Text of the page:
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June 24, 2024

Momentum gets boost to help DV victims in Ballina

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Momentum Collective’s Community Support Manager Michelle Teece, with Rotary’s Jodie Shelley, Col Lee and Dave Harmon. Photo David Lowe.

The Rotary Club of Ballina-on-Richmond has teamed up with Momentum Collective in Tamar Street to create ten care packs for women and children escaping domestic violence.

Michelle Teece, Community Support Manager with Momentum Collective told Echonetdaily, ‘Common values and purpose have brought us together.’

Local Rotary President Dave Harmon said, ‘With COVID we’ve been limited as a Rotary Club in what we’ve been able to do, but after discussions with Michelle, we’ve put together these care packs which have all the essentials a person may need when they’re fleeing a home due to domestic violence.

Some contents of the Momentum Collective/ Ballina Rotary care pack. Photo David Lowe.

‘We’ve put $100 worth of goods in each one, and Momentum Collective are going to add $100 worth of vouchers.

‘Inside there’s all the toiletries; toothpaste, shampoo, soap, books and games for the children, sanitiser, toothbrushes – all the gear that you need for at least a week.’

Mr Harmon explained Momentum Collective is a business partner of the Rotary Club, with the two groups sharing a common interest in dealing with mental health issues and domestic violence.

‘The case worker is often the first responder,’ he said, ‘and Momentum now manage the women’s and children’s refuge, so from Rotary’s viewpoint, we’re able to put this straight into where it’s needed. There’s no middle person. That’s great for us and for Momentum.’

With more women seeking refuge, Ms Teece said Momentum Collective offered an always ‘open door’, close to both the Ballina police station and hospital.

‘Our homelessness clients and domestic violence clients have significantly increased in the past six months due to financial difficulties and pressure in the home,’ she said.

Crisis beyond Ballina

Ms Teece emphasised that the DV situation in Ballina and the north coast was sadly typical across the country. ‘Yes, I think it is extremely challenging at this time for people, and the more we promote organisations like ourselves and Rotary that are partnering, the more we can educate society that these things are happening in our community.’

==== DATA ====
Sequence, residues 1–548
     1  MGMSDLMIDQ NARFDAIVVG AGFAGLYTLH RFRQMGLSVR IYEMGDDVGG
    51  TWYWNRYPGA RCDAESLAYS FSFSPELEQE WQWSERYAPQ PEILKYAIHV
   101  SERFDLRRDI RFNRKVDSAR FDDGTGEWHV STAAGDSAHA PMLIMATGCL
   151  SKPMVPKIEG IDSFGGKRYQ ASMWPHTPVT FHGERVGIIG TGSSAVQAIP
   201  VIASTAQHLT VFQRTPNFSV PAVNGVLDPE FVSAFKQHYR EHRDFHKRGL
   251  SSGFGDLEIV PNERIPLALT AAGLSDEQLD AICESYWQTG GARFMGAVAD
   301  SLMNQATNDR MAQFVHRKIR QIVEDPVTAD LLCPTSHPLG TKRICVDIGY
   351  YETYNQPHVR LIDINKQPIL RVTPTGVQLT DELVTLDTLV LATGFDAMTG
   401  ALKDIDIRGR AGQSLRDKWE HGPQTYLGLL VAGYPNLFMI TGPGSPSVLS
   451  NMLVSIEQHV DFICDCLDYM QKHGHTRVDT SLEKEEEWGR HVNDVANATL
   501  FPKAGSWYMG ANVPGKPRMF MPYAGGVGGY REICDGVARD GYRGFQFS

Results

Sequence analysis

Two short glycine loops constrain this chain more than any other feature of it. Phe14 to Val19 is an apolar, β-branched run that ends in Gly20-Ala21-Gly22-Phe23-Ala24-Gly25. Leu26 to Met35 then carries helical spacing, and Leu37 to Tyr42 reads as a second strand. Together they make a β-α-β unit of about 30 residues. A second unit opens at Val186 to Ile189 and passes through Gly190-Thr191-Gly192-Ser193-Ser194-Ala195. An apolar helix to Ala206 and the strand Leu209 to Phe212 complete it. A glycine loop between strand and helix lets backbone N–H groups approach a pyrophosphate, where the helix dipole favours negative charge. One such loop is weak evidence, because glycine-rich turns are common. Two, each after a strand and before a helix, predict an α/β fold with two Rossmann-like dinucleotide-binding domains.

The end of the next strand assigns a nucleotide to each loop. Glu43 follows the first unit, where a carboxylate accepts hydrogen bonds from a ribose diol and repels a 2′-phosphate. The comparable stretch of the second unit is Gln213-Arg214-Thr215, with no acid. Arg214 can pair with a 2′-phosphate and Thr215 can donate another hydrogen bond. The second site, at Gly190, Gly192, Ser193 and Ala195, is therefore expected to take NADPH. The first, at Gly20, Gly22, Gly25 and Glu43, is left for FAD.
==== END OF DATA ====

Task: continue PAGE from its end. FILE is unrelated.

Michelle Teece of Momentum Collective. Photo David Lowe.

She said the care packs were part of a ‘first response’ for clients, who might find themselves in the refuge for a few days or much longer, with women and children often leaving home with only the clothes on their backs.

‘There will be fuel vouchers and also food vouchers for Food For Life, down here in Ballina, as well as Big W vouchers,’ said Ms Teece.

‘There are also coffee vouchers for Tastings Coffee and Catering, next door. They’re a good business partner. We have donated $1000 to pay it forward there too, so quite a lot of our clients go there for a nice cup of coffee and a toasted sandwich, just to normalise.’

Ms Teece said people facing domestic violence and homelessness emergencies should contact the 24/7 help line on 1300 355 305.

Momentum Collective’s address is 79 Tamar St Ballina, and they can also be found on the web.

Federal budget fails women fleeing domestic violence

Nationally, the domestic violence issue has also been in the spotlight in recent days with Women’s Legal Services Australia’s plea for a $25m emergency rescue package being ignored in the federal budget.

WLSA say they have been left struggling to help Australian women escape abusive partners, with the federal government failing to meet an ‘overwhelming demand for family violence legal aid and support’.

Recent costings by Jim Stanford of the Centre for Future Work estimated an extra $25 million is needed to ensure the current volume of requests received by WLSA members around Australia.

Joanna Fletcher, CEO of Women’s Legal Service Victoria, said the lack of this assistance will cost thousands of Australian women their health and safety, and increase financial pressure on other sectors including police, courts and social services.

Chief Executive Officer at Women’s Legal Service Victoria, Joanna Fletcher. Photo supplied.

‘We are in an intolerable situation where we are forced to deny help to women, including many in high-risk situations, because we don’t have the staff to help them,’ said Ms Fletcher.

‘The women who come to us for help are often experiencing financial abuse and coercive control as well as physical violence.

‘We know from decades of experience that without intervention, these controlling behaviours can escalate into deadly violence against women and children,’she said.

‘This budget was an opportunity for the Morrison Government to address decades of chronic underspending on life-saving legal services. Now, women have been ignored yet again.’

Ms Fletcher pointed out that the federal budget injected $10.2 million to the Family and Federal Circuit Courts to manage the strain of increasing case volumes and COVID-19, but no new funding was allocated to legal services representing and supporting people in need.

‘Politicians are happy to voice concern that one woman a week dies at the hands of a violent partner or ex-partner in Australia, but evidently there is still no political will to remedy the situation and provide the lifeline these women need to escape their abusers,’ she said.

‘The queues of women in need will only grow, and so will the scourge of violence against women and children that remains our national shame,’ said Ms Fletcher.

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